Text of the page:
New CDC challenge aimed at fighting blood clots in health care settings
Angela Mattie, associate professor and chair of the health care management and organizational leadership department, is available to comment on the Centers for Disease Control and Prevention's new challenge designed to find, honor and recognize hospitals, multi-hospital systems, hospital networks and managed care organizations that have implemented innovative and effective prevention strategies or interventions for preventing health care-associated blood clots.
Venous thromboembolism (VTE), blood clots occurring as deep vein thrombosis, pulmonary embolism, or both, is an important and growing public health concern. They affect as many as 900,000 Americans each year, leading to approximately 100,000 premature deaths per year. About half of all blood clots happen after a recent hospital stay or surgery. In patients with cancer, blood clots are a leading cause of death after the cancer itself.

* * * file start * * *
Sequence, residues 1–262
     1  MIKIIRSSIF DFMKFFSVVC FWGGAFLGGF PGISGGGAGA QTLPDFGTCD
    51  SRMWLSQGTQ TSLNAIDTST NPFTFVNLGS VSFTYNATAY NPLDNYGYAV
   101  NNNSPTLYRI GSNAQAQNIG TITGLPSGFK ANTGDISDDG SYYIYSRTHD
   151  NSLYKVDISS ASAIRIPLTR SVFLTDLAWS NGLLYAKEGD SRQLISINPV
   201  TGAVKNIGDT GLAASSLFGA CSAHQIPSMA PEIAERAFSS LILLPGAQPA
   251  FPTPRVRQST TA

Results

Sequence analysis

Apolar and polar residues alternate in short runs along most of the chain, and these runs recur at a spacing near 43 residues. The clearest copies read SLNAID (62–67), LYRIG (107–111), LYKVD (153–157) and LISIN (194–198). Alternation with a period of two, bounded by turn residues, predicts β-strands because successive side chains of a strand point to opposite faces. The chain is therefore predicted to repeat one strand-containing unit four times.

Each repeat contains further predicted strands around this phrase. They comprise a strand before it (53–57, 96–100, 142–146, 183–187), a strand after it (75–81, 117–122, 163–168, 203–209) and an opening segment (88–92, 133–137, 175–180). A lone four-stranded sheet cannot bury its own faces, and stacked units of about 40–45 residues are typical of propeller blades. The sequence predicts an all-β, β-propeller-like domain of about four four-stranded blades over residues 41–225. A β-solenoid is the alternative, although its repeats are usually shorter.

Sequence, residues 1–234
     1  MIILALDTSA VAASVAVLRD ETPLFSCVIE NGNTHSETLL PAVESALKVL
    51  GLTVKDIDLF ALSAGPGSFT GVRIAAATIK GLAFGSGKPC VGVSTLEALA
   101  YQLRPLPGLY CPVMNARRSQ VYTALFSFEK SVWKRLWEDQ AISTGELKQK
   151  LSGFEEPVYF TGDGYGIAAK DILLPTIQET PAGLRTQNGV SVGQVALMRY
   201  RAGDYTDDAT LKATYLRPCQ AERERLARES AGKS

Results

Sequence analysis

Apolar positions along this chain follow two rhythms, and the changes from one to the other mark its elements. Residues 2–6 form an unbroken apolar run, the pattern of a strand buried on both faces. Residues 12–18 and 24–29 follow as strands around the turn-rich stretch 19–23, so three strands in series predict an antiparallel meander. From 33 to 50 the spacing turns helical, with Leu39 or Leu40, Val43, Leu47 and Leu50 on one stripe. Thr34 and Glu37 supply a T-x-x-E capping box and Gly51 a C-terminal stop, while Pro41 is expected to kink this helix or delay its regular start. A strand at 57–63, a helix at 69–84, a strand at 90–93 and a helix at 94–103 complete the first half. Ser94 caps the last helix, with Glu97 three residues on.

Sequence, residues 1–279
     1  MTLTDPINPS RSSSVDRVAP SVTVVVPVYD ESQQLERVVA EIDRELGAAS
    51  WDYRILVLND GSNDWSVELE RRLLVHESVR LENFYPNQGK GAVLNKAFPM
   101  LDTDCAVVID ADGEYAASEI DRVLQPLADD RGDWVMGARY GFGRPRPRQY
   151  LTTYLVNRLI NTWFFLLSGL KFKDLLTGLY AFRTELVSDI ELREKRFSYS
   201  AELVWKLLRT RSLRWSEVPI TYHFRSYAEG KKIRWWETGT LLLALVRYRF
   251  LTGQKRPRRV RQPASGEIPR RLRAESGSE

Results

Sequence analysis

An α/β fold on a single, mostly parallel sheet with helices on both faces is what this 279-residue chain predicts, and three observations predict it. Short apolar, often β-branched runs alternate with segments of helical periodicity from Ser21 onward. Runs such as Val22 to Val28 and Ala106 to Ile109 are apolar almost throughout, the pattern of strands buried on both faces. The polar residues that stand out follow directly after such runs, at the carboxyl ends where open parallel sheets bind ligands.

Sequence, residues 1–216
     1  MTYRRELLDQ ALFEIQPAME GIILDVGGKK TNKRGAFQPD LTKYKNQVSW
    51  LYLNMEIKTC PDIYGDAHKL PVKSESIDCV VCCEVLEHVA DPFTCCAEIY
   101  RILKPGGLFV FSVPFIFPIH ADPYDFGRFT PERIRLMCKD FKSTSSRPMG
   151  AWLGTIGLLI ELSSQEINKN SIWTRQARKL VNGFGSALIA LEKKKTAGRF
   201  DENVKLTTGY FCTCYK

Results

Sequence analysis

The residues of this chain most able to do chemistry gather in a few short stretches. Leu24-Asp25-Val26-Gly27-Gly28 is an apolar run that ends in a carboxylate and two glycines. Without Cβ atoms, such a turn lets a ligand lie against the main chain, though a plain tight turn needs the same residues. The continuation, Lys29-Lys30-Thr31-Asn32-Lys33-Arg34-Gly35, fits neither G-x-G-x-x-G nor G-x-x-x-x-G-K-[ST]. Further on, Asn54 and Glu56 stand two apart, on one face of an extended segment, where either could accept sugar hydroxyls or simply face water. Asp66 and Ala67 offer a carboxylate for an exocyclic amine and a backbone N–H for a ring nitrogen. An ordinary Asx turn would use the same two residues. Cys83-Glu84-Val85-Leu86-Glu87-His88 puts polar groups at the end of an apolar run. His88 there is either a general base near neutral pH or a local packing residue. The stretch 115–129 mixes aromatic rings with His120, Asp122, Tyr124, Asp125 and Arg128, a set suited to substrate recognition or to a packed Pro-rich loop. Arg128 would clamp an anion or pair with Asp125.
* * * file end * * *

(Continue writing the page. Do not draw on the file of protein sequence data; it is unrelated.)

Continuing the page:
Preventing healthcare-associated venous thromboembolism (HA-VTE) is a national hospital safety priority. Some estimates show that as many as 70 percent of HA-VTEs are preventable, yet fewer than half of hospital patients receive appropriate prevention including the information they need and items such as anticoagulants and compression devices in accordance with accepted evidence-based guidelines. Read the remainder of the CDC press release.
"We know that instituting simple improvements in systems of care can significantly decrease mortality associated with these clots often happening after surgery or hospitalization," Mattie said. "This reminds us that system improvements can lead to significant improvements in patient safety."
If you're interested in speaking to Mattie, please call John Morgan, associate vice president for public relations, at 203-206-4449 (cell) or 203-582-5359 (office).